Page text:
Bootlegger-and-Baptist Alert

Virtually all long-haul trucking companies use GPS-based tracking systems to record the locations and activities of their drivers. Guess what? These firms support a proposed federal rule requiring independent owner-operators to install the expensive (up to $2,000) devices in their trucks. The rationale? Public safety, of course.

Surprisingly, the NPR story gets it right:

And some big companies are now actively promoting electronic logging, with five major companies coming together to form a group called the Alliance for Driver Safety and Security. It’s lobbying Congress to pass a law requiring electronic logging, to make sure the proposed DOT rule goes through.

“These companies wanted some action, and wanted it now, and wanted to push for legislation,” says Bill Vickery, spokesman for the alliance. “The best way to get action in Washington is to push for legislation.”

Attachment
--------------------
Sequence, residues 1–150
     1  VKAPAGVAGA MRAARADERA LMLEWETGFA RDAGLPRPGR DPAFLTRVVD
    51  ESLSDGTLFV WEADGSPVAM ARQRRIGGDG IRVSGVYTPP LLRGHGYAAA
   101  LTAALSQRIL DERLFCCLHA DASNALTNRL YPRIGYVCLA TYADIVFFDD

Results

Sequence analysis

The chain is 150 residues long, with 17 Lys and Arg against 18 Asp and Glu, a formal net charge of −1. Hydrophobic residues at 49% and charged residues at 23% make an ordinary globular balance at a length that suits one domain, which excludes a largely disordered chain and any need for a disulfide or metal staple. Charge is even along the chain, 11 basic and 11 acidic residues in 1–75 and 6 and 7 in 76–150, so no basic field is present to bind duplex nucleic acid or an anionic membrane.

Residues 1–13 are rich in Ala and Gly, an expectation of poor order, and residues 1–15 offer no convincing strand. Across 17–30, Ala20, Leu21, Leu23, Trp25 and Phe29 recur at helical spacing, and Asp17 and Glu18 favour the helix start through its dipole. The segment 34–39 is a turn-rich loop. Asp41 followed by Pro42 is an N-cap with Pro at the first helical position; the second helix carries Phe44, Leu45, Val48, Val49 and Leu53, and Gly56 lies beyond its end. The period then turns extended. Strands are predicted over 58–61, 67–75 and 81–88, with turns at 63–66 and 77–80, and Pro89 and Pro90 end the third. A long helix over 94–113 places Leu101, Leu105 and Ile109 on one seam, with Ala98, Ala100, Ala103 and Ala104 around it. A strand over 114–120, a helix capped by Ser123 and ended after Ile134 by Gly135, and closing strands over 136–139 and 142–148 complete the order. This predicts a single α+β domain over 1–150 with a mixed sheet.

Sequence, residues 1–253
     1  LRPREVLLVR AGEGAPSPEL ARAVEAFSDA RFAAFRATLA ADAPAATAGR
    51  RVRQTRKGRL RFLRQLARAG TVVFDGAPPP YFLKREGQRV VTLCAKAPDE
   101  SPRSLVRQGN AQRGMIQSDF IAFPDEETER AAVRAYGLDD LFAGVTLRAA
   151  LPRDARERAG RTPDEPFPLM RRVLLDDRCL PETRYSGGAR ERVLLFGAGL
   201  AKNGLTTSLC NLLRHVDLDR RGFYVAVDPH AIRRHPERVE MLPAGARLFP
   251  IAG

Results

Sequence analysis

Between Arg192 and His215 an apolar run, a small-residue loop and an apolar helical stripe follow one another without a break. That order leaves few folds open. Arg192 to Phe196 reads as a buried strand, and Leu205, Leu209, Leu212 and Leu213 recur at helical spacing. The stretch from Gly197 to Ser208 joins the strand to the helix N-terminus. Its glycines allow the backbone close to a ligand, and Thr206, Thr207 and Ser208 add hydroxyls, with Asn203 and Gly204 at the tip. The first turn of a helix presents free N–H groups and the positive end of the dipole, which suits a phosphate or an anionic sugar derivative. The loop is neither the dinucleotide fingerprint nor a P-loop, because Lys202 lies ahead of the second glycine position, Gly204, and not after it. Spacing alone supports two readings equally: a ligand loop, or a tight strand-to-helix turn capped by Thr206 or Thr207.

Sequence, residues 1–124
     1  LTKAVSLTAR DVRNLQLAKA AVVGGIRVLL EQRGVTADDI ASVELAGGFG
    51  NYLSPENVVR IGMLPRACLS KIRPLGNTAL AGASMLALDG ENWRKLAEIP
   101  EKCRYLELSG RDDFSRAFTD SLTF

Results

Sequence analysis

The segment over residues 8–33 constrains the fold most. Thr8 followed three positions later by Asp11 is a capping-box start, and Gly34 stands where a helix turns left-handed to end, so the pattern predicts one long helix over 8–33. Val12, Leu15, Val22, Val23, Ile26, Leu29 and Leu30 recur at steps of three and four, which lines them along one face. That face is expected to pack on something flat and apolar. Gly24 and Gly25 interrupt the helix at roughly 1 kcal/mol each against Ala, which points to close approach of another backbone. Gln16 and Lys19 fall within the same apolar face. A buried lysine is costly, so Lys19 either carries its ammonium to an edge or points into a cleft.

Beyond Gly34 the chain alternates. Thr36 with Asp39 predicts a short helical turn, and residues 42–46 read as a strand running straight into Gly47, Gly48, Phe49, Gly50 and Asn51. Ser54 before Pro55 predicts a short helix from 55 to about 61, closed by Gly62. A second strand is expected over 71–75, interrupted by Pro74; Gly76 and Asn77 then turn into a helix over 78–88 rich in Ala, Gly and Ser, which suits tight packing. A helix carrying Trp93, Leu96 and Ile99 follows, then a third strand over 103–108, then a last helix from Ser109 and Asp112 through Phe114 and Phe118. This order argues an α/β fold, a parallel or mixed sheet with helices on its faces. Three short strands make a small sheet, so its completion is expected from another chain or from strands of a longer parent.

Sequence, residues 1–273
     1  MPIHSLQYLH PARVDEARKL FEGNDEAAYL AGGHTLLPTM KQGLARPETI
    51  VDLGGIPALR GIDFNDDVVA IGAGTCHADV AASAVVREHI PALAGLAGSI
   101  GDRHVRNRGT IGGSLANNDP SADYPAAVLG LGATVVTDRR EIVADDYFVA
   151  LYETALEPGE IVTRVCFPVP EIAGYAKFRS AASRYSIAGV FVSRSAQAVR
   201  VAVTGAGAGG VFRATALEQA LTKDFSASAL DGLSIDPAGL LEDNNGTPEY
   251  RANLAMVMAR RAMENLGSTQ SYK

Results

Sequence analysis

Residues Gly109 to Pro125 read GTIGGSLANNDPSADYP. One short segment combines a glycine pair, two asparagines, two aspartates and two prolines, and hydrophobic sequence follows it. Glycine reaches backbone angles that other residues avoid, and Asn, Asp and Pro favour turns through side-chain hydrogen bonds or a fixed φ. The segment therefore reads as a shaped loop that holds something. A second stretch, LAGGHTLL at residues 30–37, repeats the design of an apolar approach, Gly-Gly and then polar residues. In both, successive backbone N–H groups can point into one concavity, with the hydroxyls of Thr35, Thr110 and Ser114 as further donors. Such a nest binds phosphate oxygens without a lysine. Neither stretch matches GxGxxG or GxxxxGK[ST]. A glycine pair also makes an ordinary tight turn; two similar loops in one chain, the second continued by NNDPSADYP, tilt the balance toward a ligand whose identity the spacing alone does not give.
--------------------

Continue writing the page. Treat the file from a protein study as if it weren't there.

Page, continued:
“We don’t want to be defined by the worst in our industry,” says Don Osterberg, senior vice president of safety for Schneider National, one of the companies in that alliance. “We just think we need to elevate the expectations and the performance of all motor carriers.”

But Spencer, from the independent owner-operator drivers’ group, dismisses that argument. “When they talk about leveling the playing field, what they are really saying is we need to get behind efforts that will increase costs of our competitors,” Spencer says. “We don’t find that to be an especially noble effort.”

Peter G. Klein is a Research Fellow, Associate Editor of The Independent Review, and Member of the Board of Advisors of the Center on Culture and Civil Society at the Independent Institute.
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